Thursday, 1 October 2009

The Twin Foxes

Today in Britain poaching is considered to be nothing much more than a petty crime,the argument being that those who have land enough for game can afford to lose a few pheasants.

But in Victorian and Early Twentieth Century times,when most of the local magistrates were also the landowners,things were considerably different.Indeed in even earlier times it is recorded that poachers were transported to Australia for the offence of taking a pheasant,never to see their loved ones again.

This offence was turned into a fine art by two twin brothers born in 1857 to a Mr & Mrs Henry Fox from the village of Symonds Green near Stevenage in Hertfordshire.Named Albert Ebenezer and Ebenezer Albert after the Ebenezer Baptist Church in Albert Street,Stevenage,they decided at a young age that working their father's small farm was not for them.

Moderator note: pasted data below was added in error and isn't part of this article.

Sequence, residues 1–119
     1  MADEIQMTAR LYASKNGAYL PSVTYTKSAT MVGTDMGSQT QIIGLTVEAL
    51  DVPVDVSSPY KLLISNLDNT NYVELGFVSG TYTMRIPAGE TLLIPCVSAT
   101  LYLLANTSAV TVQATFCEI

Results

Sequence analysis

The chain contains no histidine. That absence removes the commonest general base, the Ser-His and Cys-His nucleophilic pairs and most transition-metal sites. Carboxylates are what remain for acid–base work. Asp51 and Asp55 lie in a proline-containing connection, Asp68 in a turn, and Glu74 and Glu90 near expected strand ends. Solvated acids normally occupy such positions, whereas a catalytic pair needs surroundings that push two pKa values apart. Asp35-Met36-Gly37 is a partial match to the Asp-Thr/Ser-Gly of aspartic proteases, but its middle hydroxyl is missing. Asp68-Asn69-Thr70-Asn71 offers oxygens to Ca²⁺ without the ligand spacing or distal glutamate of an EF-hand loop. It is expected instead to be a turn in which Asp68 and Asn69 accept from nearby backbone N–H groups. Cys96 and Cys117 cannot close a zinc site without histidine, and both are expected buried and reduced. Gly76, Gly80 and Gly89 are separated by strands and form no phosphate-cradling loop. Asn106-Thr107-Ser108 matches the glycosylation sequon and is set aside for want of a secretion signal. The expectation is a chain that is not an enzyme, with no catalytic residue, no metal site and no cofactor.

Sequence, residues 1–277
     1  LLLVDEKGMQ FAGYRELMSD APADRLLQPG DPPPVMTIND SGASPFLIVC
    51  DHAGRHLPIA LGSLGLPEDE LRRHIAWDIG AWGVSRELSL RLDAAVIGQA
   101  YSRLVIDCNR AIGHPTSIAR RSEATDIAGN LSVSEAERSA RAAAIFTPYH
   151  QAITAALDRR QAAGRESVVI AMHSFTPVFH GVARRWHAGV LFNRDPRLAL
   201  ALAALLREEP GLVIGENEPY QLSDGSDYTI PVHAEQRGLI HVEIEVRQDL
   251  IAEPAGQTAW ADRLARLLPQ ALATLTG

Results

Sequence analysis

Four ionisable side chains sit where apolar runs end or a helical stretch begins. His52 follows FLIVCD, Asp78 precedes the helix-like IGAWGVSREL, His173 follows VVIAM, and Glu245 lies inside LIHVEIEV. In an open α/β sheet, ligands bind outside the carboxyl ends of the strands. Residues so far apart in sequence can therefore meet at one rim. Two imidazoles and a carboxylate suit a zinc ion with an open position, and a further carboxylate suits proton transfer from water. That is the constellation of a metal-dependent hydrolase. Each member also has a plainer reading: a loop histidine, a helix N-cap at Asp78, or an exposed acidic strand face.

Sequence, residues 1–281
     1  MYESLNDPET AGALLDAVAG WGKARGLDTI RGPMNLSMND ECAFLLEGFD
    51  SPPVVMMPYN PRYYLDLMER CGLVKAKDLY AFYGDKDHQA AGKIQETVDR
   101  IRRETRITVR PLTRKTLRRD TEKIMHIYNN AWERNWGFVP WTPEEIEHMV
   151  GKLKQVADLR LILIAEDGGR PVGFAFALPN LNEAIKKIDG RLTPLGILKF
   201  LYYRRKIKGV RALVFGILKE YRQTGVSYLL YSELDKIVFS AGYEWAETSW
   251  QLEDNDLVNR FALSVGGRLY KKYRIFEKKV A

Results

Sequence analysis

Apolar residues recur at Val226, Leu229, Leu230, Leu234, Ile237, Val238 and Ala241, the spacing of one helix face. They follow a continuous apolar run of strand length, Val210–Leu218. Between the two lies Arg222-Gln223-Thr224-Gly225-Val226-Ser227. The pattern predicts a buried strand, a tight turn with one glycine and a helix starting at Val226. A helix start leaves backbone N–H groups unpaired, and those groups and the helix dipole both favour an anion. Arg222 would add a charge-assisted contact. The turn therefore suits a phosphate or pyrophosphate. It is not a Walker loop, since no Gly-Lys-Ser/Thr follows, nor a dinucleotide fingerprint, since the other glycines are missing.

They both became crack shots at shooting game in the pitch dark and in the course of their careers they were arrested no less than 150 times,but did not receive their first conviction until 1904 with the advent of finger printing.

How may you ask did they manage to get away with poaching for so long?Their secret lay in never going out together.

One would always be propping up the bar in The Marquis of Lorne,never letting on to the assembled company whether it was Albert or Ebenezer!

They became so notorious they often made national news and indeed an item on their exploits even appeared in The New York Times issue of 9th February 1913.

Both retiring they lived to a healthy old age,one dying in 1926 and the other in 1935.Today they are considered local folk heroes,but at the time the local landowners tried every means possible to catch them and were infuriated that the law could do nothing since it couldn't prove which brother had been arrested!

Sadly today,the World is lacking in such characters.

1 comment:

  1. Interesting story.

    As a Charles Dickens fan, I've read how many of the poor people poached just so they could have food.